We have identified a new NaV1.7 mutation (P1308L) which is only the second IEM mutation to be reported outside domains I and II of NaV1.7. The P1308L mutation, from a family with IEM displaying distal extremity pain triggered by warmth, is located within the C-terminus of the channel DIII/S4-S5 linker, and is separated by only 9-10 amino acid residues from three PEPD mutations - V1298F, V1298D, and V1299F - which are located within the N-terminus of this linker. We show here that despite their proximity within the same linker, the P1308L and V1298F mutations have markedly different effects on NaV1.7 channel gating properties. P1308L hyperpolarizes activation and slows deactivation, whereas V1298F depolarizes fast-inactivation and enhances repriming. These data provide evidence for a differential role of the N- and C-termini of the NaV1.7 DIII/S4-S5 linker in channel activation and fast-inactivation. Our data also show that both mutants produce larger ramp currents and increase DRG neuronal excitability, which provides a cellular basis for pain in patients carrying these IEM and PEPD mutations.

The DIII/S4-S5 linker sequence is highly conserved among sodium channels (Figure 1), suggesting a conserved role in channel function. Crystal structures of a few ion channels, and predicted models of others, depict a voltage-sensor connected to the pore (segments S5 and S6) via the S4-S5 linker [32-37]. The S4-S5 linker potentially interacts with the C-terminal part of S6 which is bent around a glycine "hinge residue" [37], leading to the opening of the channel gate, and proximity of the S4-S5 linker to S6 within each domain has been verified in hERG channels by cysteine substitution [38]. Thus, mutations in S4-S5 linkers are expected to affect activation, consistent with the findings that mutations in these linkers of NaV1.7 induce significant hyperpolarizing shifts of channel activation [[17,20,21], and this study].

Several mechanisms may underlie the effect of PEPD mutations within the N-terminal part of the DIII/S4-S5 linker on NaV1.7 fast-inactivation: the contribution of residues within DIII- and DIV/S4-S5 linkers to the docking receptor for the fast-inactivation IFMT tetrapeptide [39-42], or predicted mutant-induced perturbation of the α-helical structure of the DIII/S4-S5 linker [25], or this linker potential interaction with the plasma membrane [43]. It is possible that the V1298 contributes to the IFMT docking site, and that V1298F substitution interferes with stable docking of the inactivation particle, impairing fast-inactivation of the mutant channel. There is no direct evidence, however, that N-terminal residues of DIII/S4-S5 linker, including V1298, participate in forming the IFMT docking site. Related to an indirect effect on interaction of the IFMT peptide with its docking receptor is the possible effect of V1298F on the putative interactions of the DIII/S4-S5 linker with the plasma membrane. X-ray crystallographic modeling structure of voltage-gated potassium channel KV1.2 places the S4-S5 linker parallel to the membrane inner surface, facing aqueous and lipid environment on opposite sides [43]. By analogy, sodium channel S4-S5 linkers may assume a similar topology, with V1298 in the DIII/S4-S5 facing the membrane lipid layer. Thus the partial positive charges that are present on the hydrogen atoms of aromatic residues [44] may perturb this arrangement in the case of the NaV1.7/V1298F mutant, destabilizing the receptor for the fast-inactivation gate and impairing NaV1.7 fast-inactivation. This view is supported by the impairment of fast-inactivation by another PEPD mutation V1298D in which a charge is introduced at this position [2,25]. Alternatively, the V1298F substitution may produce an allosteric effect that alters the S4-S5 linker α-helical structure, destabilizing IFMT-receptor interaction, thus impairing fast-inactivation [25].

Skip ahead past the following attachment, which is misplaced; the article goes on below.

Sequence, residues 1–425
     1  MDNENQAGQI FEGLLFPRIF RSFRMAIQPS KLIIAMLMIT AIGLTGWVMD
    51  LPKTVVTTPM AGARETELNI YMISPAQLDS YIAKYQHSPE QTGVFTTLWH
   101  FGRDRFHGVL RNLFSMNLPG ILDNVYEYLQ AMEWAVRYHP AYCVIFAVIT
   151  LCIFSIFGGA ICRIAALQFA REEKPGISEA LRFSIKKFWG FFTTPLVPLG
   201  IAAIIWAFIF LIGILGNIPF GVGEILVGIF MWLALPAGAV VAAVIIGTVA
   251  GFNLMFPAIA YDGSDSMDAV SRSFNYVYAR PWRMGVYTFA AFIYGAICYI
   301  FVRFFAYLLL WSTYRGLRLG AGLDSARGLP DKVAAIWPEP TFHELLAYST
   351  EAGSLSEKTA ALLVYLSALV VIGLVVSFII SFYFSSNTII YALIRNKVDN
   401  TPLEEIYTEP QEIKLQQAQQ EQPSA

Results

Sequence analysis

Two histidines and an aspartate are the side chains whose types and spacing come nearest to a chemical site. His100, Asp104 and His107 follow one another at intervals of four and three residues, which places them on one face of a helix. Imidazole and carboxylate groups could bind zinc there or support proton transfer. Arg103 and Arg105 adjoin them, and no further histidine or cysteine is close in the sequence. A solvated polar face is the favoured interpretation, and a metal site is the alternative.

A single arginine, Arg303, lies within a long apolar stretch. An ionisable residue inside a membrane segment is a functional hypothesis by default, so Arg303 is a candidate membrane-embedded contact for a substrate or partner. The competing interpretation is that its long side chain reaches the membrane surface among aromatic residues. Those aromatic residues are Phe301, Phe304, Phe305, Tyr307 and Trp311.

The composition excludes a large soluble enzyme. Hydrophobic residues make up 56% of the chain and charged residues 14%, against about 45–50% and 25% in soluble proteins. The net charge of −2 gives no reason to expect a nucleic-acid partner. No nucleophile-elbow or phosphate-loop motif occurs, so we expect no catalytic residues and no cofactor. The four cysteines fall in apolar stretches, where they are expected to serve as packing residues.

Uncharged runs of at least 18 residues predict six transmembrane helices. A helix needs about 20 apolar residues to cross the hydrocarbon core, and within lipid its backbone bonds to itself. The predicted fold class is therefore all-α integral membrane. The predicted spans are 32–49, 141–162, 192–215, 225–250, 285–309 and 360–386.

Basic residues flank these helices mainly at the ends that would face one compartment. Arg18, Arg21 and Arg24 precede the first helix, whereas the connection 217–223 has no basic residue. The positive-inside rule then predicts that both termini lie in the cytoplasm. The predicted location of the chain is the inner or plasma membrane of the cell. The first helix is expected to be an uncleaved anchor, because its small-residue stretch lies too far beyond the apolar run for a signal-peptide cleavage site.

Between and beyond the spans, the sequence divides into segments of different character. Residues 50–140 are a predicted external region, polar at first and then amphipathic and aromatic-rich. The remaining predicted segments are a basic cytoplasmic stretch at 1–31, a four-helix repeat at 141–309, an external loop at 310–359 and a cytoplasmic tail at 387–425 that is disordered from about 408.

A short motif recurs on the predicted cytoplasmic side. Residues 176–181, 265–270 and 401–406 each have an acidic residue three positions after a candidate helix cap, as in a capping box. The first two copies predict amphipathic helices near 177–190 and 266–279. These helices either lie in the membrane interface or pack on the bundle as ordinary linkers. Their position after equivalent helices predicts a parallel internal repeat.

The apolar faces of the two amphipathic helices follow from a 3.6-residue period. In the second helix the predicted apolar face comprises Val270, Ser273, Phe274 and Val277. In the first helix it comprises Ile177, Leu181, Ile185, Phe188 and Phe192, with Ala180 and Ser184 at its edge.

The important roles of V1298 and P1308, located at opposite ends of the DIII/S4-S5 linker, in regulating channel gating are further supported by identification of disease-causing mutations of corresponding residues in other channels: NaV1.1/V1335M (corresponding to NaV1.7/V1298), NaV1.4/P1158S (corresponding to NaV1.7/P1308), and NaV1.5/P1332L (corresponding to NaV1.7/P1308). NaV1.1/V1335M mutation in patients with severe myoclonic epilepsy of infancy replaces the hydrophobic valine residue with the polar methionine, but the effects of this mutation on channel gating has not been studied by patch-clamp [45]. Interestingly, NaV1.4/P1158S and NaV1.5/P1332L produce hyperpolarizing shift of activation as does NaV1.7/P1308L [46-48] and a larger Rresist of slow-inactivation, but note that NaV1.4/P1158S shows a depolarized shift of V1/2,slow; slow-inactivation of NaV1.5/P1332L was not tested. However, unlike NaV1.7/P1308L, NaV1.5/P1332L hyperpolarizes steady-state fast-inactivation of the mutant channels [46]. Taken together, these data suggest an important role for a proline amino acid within the C-terminus of the DIII/S4-S5 linker in channel activation, although the effects of this residue on inactivation states appear to be isoform-dependent.

Expression of either P1308L or V1298F induced hyperexcitability of DRG neurons, compared to neurons expressing WT channels. P1308L reduced the current threshold for single action potential (WT: 188 ± 14 pA; P1308L: 122 ± 10 pA), consistent with the role of NaV1.7 as a threshold channel [11,12]. While V1298F increased ramp currents, similar to the P1308L channels, it did not cause a statistically-significant reduction in the threshold for single action potentials (WT: 188 ± 14 pA; V1298F: 154 ± 18 pA). However, expression of either P1308L or V1298F increased the number of DRG neurons that fired ≥ 3 spikes in response to a 1-s stimulus (Fig. 6). The ability of both types of mutation to induce DRG neuron hyperexcitability is in agreement with our previous findings of a similar effect of other IEM and PEPD mutations [5,6,18,19,24,26], and provides a cellular basis for pain in patients carrying these mutations.